What kind of place is this world? Is it a planet governed by scientific laws and economic realities or is it a magical sphere that follows the artistic steps of a dance of its own creation? My mind tells me that it is the former and my heart yearns for it to be the latter, but is there a way to end this duality and blend my heart and mind?
When I was a child, religion accomplished this blending with time tested ease. I lifted my voice in song to praise the Lord at Sunday Service. I gazed with awe at the pictures of Jesus that my mother and great-grandmother hung in our home. I memorized long pieces for Sunday school recitation. Later in my youth, I embraced the clean slate provided by the confessional. I studied the lives of the saints. I cheered the election of a pope. I embraced the new mass. I felt the holy power of communion. But as I looked more and more at the things that were done in the name of Christianity, I became disenchanted first with the religion and then with the god himself.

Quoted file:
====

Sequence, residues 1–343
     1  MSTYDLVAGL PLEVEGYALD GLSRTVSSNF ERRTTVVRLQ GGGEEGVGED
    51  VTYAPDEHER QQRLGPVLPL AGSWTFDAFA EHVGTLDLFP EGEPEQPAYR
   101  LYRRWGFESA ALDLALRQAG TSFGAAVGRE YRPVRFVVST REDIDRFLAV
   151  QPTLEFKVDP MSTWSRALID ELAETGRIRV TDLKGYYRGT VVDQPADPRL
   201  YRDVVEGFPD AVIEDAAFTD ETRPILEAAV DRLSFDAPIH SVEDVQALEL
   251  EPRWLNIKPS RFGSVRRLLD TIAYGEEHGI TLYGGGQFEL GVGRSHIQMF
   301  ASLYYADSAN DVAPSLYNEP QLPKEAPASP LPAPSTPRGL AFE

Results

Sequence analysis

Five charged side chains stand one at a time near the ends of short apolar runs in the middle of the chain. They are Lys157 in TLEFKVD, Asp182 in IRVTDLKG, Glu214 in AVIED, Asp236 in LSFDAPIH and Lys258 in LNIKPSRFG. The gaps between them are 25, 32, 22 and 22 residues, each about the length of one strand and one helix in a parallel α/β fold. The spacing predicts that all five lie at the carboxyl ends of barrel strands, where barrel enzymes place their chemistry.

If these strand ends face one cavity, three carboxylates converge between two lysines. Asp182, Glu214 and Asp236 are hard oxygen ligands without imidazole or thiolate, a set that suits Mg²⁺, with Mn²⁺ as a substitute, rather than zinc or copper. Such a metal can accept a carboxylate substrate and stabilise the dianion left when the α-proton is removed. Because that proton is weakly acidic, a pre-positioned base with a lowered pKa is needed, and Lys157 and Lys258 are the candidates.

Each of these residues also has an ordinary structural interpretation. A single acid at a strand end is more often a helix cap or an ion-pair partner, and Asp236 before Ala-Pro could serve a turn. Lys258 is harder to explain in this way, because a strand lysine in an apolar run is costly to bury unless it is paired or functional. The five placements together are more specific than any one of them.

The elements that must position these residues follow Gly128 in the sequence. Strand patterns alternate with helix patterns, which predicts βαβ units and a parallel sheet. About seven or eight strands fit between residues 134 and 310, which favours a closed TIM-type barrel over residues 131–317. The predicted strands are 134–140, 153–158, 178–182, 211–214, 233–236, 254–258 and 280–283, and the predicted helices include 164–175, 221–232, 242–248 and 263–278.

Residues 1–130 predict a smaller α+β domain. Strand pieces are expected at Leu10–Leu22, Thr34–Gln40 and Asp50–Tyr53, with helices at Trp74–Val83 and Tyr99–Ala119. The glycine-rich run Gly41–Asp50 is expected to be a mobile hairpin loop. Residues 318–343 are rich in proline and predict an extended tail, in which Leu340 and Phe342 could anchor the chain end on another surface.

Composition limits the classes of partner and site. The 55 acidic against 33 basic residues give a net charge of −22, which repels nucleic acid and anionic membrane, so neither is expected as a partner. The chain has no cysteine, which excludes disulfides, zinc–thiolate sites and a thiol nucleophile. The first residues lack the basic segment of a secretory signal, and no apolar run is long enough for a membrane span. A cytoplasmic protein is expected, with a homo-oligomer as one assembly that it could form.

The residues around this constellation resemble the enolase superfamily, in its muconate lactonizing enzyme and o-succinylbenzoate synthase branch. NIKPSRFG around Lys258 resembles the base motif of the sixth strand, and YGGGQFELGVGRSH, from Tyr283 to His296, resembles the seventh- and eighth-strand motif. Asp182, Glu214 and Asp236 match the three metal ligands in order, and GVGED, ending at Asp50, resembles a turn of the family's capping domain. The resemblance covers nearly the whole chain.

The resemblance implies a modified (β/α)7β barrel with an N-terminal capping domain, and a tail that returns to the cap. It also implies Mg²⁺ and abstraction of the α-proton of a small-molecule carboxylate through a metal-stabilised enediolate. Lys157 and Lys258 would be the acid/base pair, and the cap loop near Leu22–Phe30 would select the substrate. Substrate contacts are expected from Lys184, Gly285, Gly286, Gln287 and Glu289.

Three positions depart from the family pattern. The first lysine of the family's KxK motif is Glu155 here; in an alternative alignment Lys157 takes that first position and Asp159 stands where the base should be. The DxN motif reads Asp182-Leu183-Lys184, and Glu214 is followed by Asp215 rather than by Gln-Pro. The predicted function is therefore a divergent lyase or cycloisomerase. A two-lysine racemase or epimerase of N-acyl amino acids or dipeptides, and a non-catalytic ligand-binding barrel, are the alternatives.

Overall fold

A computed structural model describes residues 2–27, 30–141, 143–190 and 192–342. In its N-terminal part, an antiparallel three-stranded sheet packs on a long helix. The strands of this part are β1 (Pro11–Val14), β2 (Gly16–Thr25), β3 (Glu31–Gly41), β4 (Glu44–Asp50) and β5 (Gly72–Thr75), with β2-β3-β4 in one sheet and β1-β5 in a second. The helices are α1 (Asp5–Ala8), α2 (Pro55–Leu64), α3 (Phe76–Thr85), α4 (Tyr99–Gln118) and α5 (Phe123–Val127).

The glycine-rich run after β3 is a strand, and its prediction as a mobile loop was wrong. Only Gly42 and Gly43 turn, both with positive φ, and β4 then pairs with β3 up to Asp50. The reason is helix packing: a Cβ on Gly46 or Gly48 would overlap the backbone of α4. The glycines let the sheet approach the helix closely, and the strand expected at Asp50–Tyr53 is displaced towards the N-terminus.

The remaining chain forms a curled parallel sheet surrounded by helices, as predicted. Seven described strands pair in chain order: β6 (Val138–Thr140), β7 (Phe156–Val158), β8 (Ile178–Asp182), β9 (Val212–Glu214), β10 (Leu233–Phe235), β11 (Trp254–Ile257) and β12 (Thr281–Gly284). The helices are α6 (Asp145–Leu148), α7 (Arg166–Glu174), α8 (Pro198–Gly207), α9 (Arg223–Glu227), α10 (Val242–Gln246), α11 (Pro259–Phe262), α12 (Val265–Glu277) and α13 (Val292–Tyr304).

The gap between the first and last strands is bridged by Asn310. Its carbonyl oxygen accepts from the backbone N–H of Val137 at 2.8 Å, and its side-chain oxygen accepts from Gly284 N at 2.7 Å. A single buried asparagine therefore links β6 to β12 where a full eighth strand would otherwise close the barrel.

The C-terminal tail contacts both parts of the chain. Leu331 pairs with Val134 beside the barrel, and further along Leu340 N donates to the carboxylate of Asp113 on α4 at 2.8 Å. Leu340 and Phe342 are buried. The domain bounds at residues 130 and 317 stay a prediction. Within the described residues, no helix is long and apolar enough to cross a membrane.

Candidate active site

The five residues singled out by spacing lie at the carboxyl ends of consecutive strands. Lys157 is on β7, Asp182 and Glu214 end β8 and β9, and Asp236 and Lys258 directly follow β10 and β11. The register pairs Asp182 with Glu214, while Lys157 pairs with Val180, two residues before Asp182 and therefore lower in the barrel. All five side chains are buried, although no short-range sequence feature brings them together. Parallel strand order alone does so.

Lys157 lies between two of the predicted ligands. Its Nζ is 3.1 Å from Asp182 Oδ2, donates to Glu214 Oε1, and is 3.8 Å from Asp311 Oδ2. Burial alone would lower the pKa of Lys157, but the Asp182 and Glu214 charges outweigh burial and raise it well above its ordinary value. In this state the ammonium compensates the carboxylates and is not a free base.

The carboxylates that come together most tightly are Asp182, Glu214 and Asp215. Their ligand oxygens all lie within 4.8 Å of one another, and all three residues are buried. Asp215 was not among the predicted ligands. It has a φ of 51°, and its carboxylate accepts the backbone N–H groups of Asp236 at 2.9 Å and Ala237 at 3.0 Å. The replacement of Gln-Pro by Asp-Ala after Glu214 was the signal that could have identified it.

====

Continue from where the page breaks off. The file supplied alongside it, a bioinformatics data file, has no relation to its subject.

What was the purpose of suffering in this world? Why were we all to be looked upon as sinful creatures who needed to blame each of our failings on ourselves and attribute each of finer qualities to a higher power? Why did the churches and the all-powerful God allow for injustice? Why did Christianity seem to have no relationship with the natural world of plants and animals and the forces of nature? Why were our natural instincts base? What about us was so flawed? If it were true that we were created in the image of God, didn’t that also mean that he was flawed?
I turned to the study of older faiths, those that were in tune with a natural world. Those faiths used the concept of deity to explain the power of this world. They personified nature. They created an anthropomorphic world where animals and plants possessed spirit and life as we know it. They did not have disdain for this life and use it as a trial that gets you to another world, invisible and everlasting but totally lacking in humanity.